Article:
strengthen the school meal nutrition standards. USDA intended for the 
transitional standards rule to apply for two school years, during which 
it would provide immediate relief as schools return to traditional 
school meal service following extended use of COVID-19 meal pattern 
flexibilities. This proposed rule begins the next stage, where USDA 
will further improve the school meal pattern requirements through this 
notice-and-comment rulemaking based on a comprehensive review of the 
Dietary Guidelines for Americans, 2020-2025 (Dietary Guidelines), 
robust stakeholder input on school nutrition standards, and lessons 
learned from prior rulemakings.\2\ With this rulemaking, USDA is 
integrating each of these important factors in a way that puts 
children's health at the forefront while also ensuring that the 
nutrition standards are achievable and set schools up for success.
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    \1\ Child Nutrition Programs: Transitional Standards for Milk, 
Whole Grains, and Sodium (87 FR 6984, February 7, 2022). Available 
at: https://www.federalregister.gov/documents/2022/02/07/2022-02327/child-nutrition-programs-transitional-standards-for-milk-whole-grains-and-sodium.
    \2\ U.S. Department of Agriculture and U.S. Department of Health 
and Human Services. 2020-2025 Dietary Guidelines for Americans. 9th 
Edition. December 2020. Available at: https://www.dietaryguidelines.gov/.
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    The transitional standards rule finalized USDA's Restoration of 
Milk, Whole Grains, and Sodium Flexibilities Proposed Rule (85 FR 
75241, November 25, 2020) with some modifications. Effective July 1, 
2022, the transitional standards rule:
     Allowed local operators of the National School Lunch 
Program (NSLP) and School Breakfast Program (SBP) to offer flavored, 
low-fat milk (1 percent fat) for students in grades K through 12 and 
for sale as a competitive beverage. It also allowed flavored, low-fat 
milk in the Special Milk Program (SMP) and in the Child and Adult Care 
Food Program (CACFP) for participants ages 6 and older.
     Required at least 80 percent of the weekly grains in the 
school lunch and breakfast menus to be whole grain-rich.\3\
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    \3\ To meet USDA's whole grain-rich criteria, a product must 
contain at least 50 percent whole grains, and the remaining grain 
content of the product must be enriched.
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     Established Sodium Target 1 as the sodium limit for school 
lunch and

[[Page 8051]]

breakfast in school year (SY) SY 2022-2023 and implemented a Sodium 
Interim Target 1A effective for school lunch beginning in SY 2023-2024.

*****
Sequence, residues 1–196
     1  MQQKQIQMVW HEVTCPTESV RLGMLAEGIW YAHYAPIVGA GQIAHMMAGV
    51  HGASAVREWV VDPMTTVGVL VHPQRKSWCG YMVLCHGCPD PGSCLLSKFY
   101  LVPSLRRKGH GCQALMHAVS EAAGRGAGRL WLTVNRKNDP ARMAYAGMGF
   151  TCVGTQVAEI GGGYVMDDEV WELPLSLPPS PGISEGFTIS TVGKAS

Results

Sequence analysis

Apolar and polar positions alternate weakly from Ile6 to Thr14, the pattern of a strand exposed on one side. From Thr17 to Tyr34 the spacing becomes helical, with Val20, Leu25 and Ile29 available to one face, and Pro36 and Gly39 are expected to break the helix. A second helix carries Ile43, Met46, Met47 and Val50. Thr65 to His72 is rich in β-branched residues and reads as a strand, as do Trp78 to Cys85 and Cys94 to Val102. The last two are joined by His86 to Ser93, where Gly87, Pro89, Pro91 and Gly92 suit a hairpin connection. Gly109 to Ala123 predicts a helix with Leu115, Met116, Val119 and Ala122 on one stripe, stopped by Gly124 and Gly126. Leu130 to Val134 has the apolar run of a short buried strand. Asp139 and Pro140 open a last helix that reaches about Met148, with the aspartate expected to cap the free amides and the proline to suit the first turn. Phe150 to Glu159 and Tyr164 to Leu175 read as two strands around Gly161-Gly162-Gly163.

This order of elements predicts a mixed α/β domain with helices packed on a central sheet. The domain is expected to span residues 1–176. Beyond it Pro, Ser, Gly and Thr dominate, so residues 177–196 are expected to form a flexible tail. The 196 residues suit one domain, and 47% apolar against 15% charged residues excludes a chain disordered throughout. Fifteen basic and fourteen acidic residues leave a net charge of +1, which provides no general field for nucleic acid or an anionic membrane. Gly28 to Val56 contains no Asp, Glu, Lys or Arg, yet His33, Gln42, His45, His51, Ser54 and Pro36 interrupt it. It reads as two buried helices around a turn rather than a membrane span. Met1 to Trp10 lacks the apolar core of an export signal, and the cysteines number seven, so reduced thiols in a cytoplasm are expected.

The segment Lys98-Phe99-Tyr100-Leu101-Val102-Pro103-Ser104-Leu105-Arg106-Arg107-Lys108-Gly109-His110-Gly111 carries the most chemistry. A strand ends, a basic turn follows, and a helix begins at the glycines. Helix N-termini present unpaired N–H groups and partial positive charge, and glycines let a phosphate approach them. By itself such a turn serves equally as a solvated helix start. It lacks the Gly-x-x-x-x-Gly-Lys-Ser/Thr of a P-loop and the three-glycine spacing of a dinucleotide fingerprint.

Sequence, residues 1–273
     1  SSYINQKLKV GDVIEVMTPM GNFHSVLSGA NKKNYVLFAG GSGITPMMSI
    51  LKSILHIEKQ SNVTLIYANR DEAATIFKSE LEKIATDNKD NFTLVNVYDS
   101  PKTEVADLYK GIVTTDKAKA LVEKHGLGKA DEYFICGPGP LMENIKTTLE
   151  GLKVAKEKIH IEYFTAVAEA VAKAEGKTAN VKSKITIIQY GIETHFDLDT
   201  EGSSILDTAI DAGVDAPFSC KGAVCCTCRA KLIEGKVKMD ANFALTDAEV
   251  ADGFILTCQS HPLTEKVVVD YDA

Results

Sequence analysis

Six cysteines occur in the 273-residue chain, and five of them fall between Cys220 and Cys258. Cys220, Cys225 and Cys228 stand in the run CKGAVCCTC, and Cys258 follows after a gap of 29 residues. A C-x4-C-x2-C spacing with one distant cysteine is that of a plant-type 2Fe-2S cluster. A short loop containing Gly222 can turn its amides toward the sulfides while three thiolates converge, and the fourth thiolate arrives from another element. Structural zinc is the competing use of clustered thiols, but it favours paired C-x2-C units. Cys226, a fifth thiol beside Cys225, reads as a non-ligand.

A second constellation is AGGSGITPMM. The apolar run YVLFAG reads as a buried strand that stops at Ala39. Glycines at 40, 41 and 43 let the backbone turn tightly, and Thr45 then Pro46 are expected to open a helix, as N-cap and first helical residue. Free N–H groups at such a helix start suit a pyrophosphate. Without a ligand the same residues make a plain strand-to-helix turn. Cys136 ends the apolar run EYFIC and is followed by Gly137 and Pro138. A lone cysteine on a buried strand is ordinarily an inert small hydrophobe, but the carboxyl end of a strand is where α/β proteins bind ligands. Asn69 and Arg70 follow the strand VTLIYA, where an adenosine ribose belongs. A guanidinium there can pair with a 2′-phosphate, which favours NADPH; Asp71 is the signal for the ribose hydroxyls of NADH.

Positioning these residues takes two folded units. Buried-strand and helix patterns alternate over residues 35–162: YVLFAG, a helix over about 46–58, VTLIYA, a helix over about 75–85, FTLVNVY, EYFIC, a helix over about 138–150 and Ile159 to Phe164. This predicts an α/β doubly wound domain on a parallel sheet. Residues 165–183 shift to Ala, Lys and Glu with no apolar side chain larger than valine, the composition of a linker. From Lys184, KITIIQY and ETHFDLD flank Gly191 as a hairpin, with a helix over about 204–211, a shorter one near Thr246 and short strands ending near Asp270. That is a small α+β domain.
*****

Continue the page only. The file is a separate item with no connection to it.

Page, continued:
The transitional standards represented a middle ground between the 
2012 standards for milk, whole grains, and sodium, and the temporary 
meal pattern waivers that many schools relied on due to the COVID-19 
pandemic.\4\ The 2012 standards,\5\ which were a key component of the 
Healthy, Hunger-Free Kids Act, improved school meal standards for the 
first time in 15 years by increasing the availability of fruits, 
vegetables, whole grains, and fat-free and low-fat milk in school 
meals; limiting sodium and saturated fat and eliminating trans fat in 
school meals; and establishing calorie ranges to support age-
appropriate meals for school children. Regarding milk, whole grains, 
and sodium, the 2012 standards allowed flavoring only in fat-free milk 
in the NSLP and SBP; required all grains offered in the NSLP and SBP to 
be whole grain-rich, effective SY 2014-2015; and required schools 
participating in the NSLP and SBP to reduce the sodium content of meals 
offered on average over the school week by meeting progressively lower 
sodium targets over a 10-year period. With the transitional standards, 
USDA intended to balance the needs of schools as they recover from 
supply chain and other pandemic-related challenges, while taking 
measured steps towards improving nutritional quality.
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    \4\ For example, in SY 2021-2022, USDA issued a nationwide 
waiver allowing schools to request targeted meal pattern waivers 
from their State agency. See: Nationwide Waiver to Allow Specific 
School Meal Pattern Flexibility for SY 2021-2022. Available at: 
https://www.fns.usda.gov/cn/covid-19-child-nutrition-response-90.
    \5\ Nutrition Standards in the National School Lunch and School 
Breakfast Programs (77 FR 4088, January 26, 2012). Available at: 
https://www.federalregister.gov/documents/2012/01/26/2012-1010/ 
nutrition-standards-in-the-national-school-lunch-and-school-
breakfast-programs.
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    USDA is embarking on the next stage of updating the school 
nutrition standards in this proposed rulemaking to further align school 
meal nutrition standards with the goals of the Dietary Guidelines, 
2020-2025. As described throughout this preamble, USDA worked closely 
with stakeholders to gather input for this proposed rule. Informed by 
this extensive stakeholder engagement, which allowed USDA to listen and 
learn from schools, advocacy organizations, industry partners, and 
others, USDA intends to develop standards that improve the nutritional 
quality of school meals based on the latest nutrition science, that are